Days after the wealthy and politically-connected paedophile Jeffrey Epstein, above, was found hanging by a bed-sheet in his prison cell at the Metropolitan Correctional Center in Manhattan, the justice department on Monday removed acting head of the bureau of prisons (BOP), Hugh Hurwitz, US media reports say.
Kathleen Hawk Sawyer, who had previously served as BOP chief for 11 years, will replace Hurwitz, Attorney General William Barr said.
Hurwitz’s new role within BOP remained unclear.
Epstein’s suicide came as a big embarrassment for the justice department as many of his victims were angry that they would never see him face justice for his crimes.
They wanted the department to explain why Epstein was taken off suicide watch even after he was found lying on his cell floor with neck injuries on July 23.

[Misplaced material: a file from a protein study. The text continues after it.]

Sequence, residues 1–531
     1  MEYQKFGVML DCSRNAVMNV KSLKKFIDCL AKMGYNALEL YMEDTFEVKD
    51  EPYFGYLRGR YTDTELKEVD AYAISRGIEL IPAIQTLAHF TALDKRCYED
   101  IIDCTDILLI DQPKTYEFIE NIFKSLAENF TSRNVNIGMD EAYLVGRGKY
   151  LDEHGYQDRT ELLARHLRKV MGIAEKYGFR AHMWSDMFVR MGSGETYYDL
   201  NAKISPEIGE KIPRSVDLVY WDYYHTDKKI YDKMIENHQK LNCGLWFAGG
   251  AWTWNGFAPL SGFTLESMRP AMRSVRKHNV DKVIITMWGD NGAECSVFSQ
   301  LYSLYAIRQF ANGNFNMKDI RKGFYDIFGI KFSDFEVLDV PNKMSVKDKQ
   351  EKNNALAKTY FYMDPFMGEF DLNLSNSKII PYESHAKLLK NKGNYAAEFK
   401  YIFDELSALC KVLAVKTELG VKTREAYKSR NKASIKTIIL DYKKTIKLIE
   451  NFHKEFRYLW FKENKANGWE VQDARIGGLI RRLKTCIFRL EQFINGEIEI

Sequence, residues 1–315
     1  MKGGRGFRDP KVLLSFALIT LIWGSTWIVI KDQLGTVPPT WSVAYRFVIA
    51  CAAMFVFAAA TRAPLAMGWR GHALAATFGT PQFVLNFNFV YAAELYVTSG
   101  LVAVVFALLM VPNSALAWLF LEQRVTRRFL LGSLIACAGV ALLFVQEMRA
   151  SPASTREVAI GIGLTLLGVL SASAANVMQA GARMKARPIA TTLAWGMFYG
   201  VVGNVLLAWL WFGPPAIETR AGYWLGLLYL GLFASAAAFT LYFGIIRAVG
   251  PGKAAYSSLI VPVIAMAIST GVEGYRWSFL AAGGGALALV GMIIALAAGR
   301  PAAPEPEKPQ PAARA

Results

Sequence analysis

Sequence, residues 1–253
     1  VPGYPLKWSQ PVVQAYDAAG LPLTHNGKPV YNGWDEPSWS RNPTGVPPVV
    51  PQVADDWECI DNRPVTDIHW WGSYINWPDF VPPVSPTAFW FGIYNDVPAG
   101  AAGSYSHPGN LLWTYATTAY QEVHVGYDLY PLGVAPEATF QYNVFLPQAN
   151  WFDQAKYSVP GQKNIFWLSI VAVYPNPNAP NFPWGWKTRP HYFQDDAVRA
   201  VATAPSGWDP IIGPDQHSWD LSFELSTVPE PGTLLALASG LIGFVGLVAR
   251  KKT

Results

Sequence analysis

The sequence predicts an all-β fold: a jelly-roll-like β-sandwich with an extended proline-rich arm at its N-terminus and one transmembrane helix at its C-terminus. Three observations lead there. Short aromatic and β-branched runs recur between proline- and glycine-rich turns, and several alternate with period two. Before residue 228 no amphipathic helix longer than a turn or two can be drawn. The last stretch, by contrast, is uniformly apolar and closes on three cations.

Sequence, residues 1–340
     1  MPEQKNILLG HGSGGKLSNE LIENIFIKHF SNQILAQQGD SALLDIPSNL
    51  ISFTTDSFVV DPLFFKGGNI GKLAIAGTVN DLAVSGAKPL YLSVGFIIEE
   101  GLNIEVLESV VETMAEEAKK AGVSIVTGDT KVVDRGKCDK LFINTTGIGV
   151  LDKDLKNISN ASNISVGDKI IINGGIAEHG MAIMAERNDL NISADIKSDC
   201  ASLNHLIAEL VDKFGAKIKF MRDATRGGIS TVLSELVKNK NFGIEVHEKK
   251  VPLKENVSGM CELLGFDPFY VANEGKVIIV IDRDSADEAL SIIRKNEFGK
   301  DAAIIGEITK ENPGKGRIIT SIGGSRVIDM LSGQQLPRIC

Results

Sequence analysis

They also wanted jail officials responsible for the safety of Epstein to be sacked for letting his dark secrets die with him.
The reshuffle in BOP comes amid concerns about irregularities at the high security prison.
Last Tuesday, the jail’s warden Lamine N’Diaye was removed from the post and shifted to BOP’s regional office.
Two unidentified guards, who were supposed to check on Epstein every half an hour, were told to go on leave.
According to jail sources, one of the guards was not a full-fledged corrections officer.
The Manhattan facility is understaffed and its overworked officers often make log book entries without checking on inmates.
Such periodic checks did not happen hours before Epstein committed suicide, sources say.
In the meantime, New York Post reported on Tuesday that two days before he died, Epstein signed a new will transferring his $577 million in assets to a trust named after the year he was born.
The value of assets was $18 million more than what he had declared before the court.
The documents do not name any beneficiary to the trust although Epstein has an heir, his brother Mark Epstein.